Central Asia Travel Diary

Today was a long but very enjoyable day.  We woke at 6 am and had a breakfast of hard boiled eggs, cheese and pressed meat that had been delivered to our room just before 10 pm the previous night.  Unfortunately, after spending the night in the refrigerator, the eggs were covered in ice and frozen solid – not very appetising, just like the bread that we had not refrigerated but which had become a hard dry brick overnight.

We left the hotel as arranged at 7 am and headed 60 kilometres north to the ancient city of Merv.  Merv was once the capital of a great empire, and in fact it comprises five ancient cities next to each other, spread across 100 square kilometres and dating from the 7th to 5th century BC (the oldest city) to the early 1500s (the fifth city).

The huge spread of ancient walls, and the mix of cities within cities, was at first a little confusing, but Dima was excellent in taking us to some key points in an approximate sequence that reflected Merv's chronology.

We began at Erk Kala, which dated from about the 6th century BC and which today looks like a huge meteor crater pit about 1 kilometre in diameter.  The walls were 50 metres high and 50 metres thick at their base, and climbing to the top gave us a great view in the still-cool early morning, not only of the remains of the ancient city but also the surrounding area.

After a second stop on the remains of the second city wall, dating from about the 3rd century BC, we visited the mausoleum of Sultan Sanjar, the only building left standing when Genghis Khan levelled the city in 1221.  At 38 metres in height, it was a wonderfully cool structure in which to escape the 40 degree heat outside.

We finished our tour of Merv with a visit to the 12th century mausoleum of Mohammed ibn Zeid.  This was a lovely building on a more intimate scale than the others, and was marked by a 'wishing tree', which a group of women were circling as we arrived and tying strips of material in the hope of having a wish granted.

At about 9:30 am, we left Merv to begin the long drive north to the border with Uzbekistan.  Although the road was rough in parts, we completed the 300 kilometre drive to Turkmenabad, the country's second largest city, within a little over three hours, driving through arid and semi-arid country that reminded me of northern South Australia.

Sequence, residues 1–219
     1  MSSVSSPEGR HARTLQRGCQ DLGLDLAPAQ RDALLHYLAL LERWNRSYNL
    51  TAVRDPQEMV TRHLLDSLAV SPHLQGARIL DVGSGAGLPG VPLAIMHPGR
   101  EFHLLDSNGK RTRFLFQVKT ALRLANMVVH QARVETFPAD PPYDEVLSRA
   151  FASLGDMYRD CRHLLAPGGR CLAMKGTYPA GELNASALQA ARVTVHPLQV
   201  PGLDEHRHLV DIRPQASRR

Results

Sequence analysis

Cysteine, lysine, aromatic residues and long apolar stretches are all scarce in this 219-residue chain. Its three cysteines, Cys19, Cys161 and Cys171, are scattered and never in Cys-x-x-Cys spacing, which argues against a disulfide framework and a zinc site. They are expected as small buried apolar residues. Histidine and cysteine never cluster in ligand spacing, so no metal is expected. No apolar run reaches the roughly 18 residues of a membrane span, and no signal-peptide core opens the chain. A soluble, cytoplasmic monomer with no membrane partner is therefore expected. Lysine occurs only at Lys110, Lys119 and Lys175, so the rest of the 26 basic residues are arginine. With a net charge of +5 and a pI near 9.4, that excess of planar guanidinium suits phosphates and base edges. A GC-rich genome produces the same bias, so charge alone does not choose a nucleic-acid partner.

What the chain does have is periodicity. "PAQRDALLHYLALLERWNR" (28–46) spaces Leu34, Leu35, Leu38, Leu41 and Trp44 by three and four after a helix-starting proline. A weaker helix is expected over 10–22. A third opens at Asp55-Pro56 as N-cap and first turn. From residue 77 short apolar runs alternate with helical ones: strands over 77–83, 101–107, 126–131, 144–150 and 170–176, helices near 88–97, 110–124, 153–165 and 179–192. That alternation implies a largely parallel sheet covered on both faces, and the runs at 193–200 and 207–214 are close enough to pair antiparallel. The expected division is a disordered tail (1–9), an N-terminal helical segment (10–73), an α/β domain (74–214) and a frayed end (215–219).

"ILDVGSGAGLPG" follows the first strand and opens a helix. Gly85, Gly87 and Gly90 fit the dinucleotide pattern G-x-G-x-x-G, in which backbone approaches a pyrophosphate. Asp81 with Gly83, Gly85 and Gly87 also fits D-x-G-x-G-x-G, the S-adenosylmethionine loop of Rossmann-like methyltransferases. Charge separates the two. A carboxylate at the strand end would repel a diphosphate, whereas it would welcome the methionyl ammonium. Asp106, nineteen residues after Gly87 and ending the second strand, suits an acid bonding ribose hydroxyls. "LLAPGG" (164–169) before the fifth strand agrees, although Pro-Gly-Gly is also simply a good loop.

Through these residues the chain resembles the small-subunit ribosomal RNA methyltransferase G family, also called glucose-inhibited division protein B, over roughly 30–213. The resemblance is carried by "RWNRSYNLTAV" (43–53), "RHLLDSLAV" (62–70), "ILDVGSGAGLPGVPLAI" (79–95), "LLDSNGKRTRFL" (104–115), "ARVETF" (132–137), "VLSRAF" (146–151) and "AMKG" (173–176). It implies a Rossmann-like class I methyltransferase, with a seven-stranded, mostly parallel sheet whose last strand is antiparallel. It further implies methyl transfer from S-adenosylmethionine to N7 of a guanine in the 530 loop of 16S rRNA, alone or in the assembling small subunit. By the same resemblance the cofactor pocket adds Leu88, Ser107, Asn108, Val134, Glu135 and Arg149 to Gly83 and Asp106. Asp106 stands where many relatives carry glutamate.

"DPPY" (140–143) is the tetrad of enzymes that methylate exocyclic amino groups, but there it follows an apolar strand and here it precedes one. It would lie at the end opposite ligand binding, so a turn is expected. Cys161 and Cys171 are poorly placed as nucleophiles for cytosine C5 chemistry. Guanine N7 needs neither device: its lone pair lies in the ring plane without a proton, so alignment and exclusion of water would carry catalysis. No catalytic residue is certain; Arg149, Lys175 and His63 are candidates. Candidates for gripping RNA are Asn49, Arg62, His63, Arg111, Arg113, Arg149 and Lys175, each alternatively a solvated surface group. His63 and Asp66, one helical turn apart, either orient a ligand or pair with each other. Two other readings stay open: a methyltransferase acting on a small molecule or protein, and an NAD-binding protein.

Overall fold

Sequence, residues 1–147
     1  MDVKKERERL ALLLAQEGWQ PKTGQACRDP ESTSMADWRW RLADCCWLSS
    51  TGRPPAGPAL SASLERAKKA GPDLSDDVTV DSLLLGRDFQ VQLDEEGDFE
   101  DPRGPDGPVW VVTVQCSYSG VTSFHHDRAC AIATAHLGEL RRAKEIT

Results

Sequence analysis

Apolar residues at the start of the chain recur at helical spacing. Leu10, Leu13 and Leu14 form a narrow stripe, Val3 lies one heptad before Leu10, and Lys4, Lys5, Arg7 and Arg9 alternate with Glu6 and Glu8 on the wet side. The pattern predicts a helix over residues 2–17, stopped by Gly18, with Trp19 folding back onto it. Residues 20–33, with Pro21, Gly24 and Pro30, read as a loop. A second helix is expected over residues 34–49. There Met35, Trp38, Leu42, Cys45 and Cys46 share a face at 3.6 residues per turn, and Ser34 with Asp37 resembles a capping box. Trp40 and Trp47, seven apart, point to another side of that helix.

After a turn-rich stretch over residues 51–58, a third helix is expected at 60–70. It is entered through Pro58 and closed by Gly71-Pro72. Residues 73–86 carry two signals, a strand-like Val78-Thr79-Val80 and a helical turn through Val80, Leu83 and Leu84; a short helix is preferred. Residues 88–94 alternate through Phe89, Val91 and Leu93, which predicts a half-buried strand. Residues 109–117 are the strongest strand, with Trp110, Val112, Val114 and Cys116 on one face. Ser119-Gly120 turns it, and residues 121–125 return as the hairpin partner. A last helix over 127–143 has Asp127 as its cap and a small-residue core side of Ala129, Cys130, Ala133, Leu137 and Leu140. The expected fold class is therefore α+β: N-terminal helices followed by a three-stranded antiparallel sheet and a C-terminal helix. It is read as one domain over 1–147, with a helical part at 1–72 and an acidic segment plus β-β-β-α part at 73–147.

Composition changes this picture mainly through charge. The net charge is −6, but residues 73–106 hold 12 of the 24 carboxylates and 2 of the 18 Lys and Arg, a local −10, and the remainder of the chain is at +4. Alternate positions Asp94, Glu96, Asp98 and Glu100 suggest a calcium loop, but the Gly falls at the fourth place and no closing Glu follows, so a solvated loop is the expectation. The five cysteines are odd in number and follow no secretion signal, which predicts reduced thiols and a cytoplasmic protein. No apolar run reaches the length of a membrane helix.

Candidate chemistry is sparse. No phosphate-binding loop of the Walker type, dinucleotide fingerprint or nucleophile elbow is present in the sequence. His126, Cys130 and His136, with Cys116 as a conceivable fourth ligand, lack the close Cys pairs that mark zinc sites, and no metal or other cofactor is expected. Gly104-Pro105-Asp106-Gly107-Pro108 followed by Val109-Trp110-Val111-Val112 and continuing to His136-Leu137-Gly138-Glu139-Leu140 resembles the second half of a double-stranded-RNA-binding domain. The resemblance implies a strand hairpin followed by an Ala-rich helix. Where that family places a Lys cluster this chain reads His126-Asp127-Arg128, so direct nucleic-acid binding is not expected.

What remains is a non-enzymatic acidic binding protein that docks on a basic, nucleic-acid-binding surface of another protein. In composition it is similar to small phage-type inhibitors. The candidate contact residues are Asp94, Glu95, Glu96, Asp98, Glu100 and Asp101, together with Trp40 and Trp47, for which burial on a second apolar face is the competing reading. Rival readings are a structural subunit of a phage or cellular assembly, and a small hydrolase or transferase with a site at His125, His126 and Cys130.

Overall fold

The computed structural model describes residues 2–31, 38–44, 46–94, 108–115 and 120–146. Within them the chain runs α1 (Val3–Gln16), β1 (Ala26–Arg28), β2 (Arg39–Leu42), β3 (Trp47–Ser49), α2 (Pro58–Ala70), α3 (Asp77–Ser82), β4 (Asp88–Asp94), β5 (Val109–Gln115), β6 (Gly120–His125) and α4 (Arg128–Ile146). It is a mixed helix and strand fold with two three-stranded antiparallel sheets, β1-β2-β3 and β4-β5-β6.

As we were fairly hungry, we stopped at a small roadside café and bought some takeway hot rice with mince in flaky pastry, and arrived at the border at 1:10 pm.  Unfortunately, the border was closed for lunch until 2 pm, at which time we began the process of crossing the border.  Even though our bags were searched yet again on the Turkmenistan side, the crossing was faster than we experienced when we entered Turkmenistan.  Having completed procedures on the Turkmenistan side, we had a walk of almost 2 kilometres to the Uzbekistan border control offices, a considerable walk in 42 degree heat when carrying baggage.  Although somewhat slow, the Uzbekistan process was done in better humour than the Turkmenistan side, especially in customs where the officials kept saying 'kangaroo' excitedly and admiring the kangaroo holograms in our passports.

Exiting the border post still required a short bus trip (a couple of kilometres) at 1000 sum each to reach the place where cars and taxis were allowed to pick up passengers.  We reached there at about 3:30 pm, and after a short wait of 15 minutes, took our taxi (a Daewoo Nexia) to Bukhara, 96 kilometres away.

We checked into our hotel, the Hotel Nodirbek, which was superbly located right beside the centre of the old town of Bukhara.  The staff were extremely friendly and welcoming, and even took the time to point out how the hotel is modelled on the old Jewish building that formed part of the hotel.  The room was basic but spacious and clean, and the satellite television even provided Turkmenistan television, something we never got to see when we were in Turkmenistan.  We still had no English language television, so we still had no idea what had been going on anywhere else in the world for the past few weeks.

Having found an internet café just along the laneway in which the hotel was located, Andy and I spent an hour there catching up on e-mails.  Unfortunately, the connection was so slow that it was almost useless, so we gave up after a while and adjourned to dinner, a great outdoor experience near the lake in the centre of the old town where we enjoyed superb grilled beef kebabs with bread and Sprite, followed by ice cream.

After a short evening walk along some nearby streets, we returned to the hotel in keen anticipation of the next day's exploration of the ancient city of Bukhara.

Wednesday 19 July 2006

Mary to Bukhara via Merv

Ancient Merv
Wishing Tree, Merv
Dusk in Bukhara